Agriculture

Till recently the Japanese had neither manufactures nor foreign commerce, neither have they yet any flocks of sheep and goats, any droves of geese, turkeys, or pigs. Even cattle are comparatively scarce, and neither their flesh nor their milk is in general use, beef being still regarded as a luxury, and milk rather as a medicine than a food. The pasture meadow and the farmyard are alike lacking. Here, far more than in the West, agriculture in its narrower sense has been all in all, forming the basis on which the whole social fabric rests. Justly, therefore, in feudal times, did the peasantry rank next to the Samurai or gentry, and before the merchants and mechanics. Even under the new regime, more than half the population is engaged in field labour, and nearly half the national revenue flows from that source. There are no large landed proprietors. As a rule, each farmer or peasant tills his own field with the help of his sons and often his wife and daughters; and the land is really his own, for the doctrine that everything belongs absolutely to the Emperor is, of course, only a convenient legal fiction. No wonder that he works with a will.

In this land of mountains, barely twelve per cent. of the entire surface can be cultivated, and even the cultivable portion is not highly fertile by nature. It is made so by subsoil working, by minutely careful weeding, by manure judiciously and laboriously applied, by terracing, and by an elaborate method of irrigation. The whole agricultural system came from China, and has altered little since the earliest ages. The peasantry are the most conservative class in the nation, and their implements still strangely primitive,-the plough in common use, for instance, differing little rom that of Egypt in the time of the Pharaohs. The hoe is in great request. Spades of various shapes, harrows, and sickles are also used, together with an extremely rude type of flail and stamping-trough; but Japanese rural economy knows nothing of wagons or wheelbarrows.

The Chinese and Japanese enumerate five cereals as the staples to which agricultural labour should be devoted. These are rice, barley, wheat, millet, and beans. But rice ranks above all the rest,-equal in fact to all the others put together. These others are grown chiefly as winter crops, when the rice-fields have to lie fallow, or else in small patches, or on the higher ground, which want of water or a harsher climate renders unfit for the cultivation of the more important commodity.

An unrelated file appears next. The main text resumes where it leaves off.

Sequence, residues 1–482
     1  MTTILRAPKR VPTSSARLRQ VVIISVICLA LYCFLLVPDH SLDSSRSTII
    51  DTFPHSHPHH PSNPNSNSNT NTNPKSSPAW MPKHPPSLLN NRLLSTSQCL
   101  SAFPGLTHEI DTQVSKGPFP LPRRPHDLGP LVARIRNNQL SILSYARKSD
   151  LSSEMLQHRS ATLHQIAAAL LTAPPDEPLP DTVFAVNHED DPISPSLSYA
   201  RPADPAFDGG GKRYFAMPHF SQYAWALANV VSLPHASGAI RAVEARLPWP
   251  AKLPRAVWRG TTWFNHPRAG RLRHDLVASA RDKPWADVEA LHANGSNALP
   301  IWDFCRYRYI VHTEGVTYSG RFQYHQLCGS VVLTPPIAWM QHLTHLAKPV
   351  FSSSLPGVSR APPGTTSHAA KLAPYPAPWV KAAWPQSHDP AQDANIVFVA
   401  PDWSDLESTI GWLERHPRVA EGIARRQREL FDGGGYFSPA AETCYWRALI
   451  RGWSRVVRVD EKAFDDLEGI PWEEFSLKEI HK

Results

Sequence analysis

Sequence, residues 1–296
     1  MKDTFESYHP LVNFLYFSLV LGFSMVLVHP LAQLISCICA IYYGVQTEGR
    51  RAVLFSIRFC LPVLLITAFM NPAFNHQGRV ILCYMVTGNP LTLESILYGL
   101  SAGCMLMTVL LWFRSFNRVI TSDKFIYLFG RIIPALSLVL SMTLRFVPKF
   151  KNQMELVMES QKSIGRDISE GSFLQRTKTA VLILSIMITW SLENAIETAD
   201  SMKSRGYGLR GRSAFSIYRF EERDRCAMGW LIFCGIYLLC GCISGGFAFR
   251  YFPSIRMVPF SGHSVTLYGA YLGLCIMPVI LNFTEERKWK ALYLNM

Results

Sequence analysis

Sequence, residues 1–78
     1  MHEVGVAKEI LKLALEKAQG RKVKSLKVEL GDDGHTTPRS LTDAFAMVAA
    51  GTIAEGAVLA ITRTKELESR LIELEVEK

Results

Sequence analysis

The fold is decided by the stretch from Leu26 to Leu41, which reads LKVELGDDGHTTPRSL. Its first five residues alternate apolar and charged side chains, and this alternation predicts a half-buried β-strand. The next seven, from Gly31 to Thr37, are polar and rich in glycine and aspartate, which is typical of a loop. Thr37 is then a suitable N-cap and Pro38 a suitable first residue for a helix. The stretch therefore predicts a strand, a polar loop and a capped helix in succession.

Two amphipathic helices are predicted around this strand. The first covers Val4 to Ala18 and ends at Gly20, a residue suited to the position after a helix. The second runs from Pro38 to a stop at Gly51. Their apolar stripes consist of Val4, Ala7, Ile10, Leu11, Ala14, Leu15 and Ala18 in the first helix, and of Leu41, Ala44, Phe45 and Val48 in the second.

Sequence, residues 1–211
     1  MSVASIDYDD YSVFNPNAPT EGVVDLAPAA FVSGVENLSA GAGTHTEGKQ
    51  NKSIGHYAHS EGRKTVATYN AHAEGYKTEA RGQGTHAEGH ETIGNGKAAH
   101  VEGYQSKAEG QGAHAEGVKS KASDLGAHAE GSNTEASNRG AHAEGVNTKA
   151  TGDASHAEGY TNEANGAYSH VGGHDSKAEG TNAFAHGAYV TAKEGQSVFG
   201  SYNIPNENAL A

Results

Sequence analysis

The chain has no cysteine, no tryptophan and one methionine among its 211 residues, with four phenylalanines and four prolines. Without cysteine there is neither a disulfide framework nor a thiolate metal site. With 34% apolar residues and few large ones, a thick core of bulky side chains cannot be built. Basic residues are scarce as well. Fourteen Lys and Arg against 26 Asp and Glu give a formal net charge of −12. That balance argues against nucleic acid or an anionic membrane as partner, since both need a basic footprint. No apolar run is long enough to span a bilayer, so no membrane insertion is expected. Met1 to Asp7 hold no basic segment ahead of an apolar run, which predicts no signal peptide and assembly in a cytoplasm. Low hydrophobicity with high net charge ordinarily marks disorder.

The preparation of the rice-fields-"paddy-fields," as Europeans often call them-is extremely arduous, involving not only much hoeing, but the construction of perforated mud dams and a whole system of terracing, whereby water from a neighbouring stream is led gradually down from field to field;-for all high-class rice requires flooding, only an inferior sort being grown in the dry. Various manures are employed. The commonest is night-soil, whose daily conveyance all about the country apparently causes no distress to native noses. The seed is sown in small beds about the end of' April, and it sprouts in five or six days. Early in June, the young shoots are plucked up and transplanted in rows. The generally lifeless fields may at that time be seen full of men and women standing knee-deep in the water and mud. Then comes the hot summer. What traveller in Japan will not recall, as the most characteristic feature of the summer landscape, those fields of vivid green, separated-chessboard-like-into squares which fill a gradually widening valley flanked by hills that rise abruptly, as if the whole had been cut out by the hand of man, as indeed it has through centuries of terracing?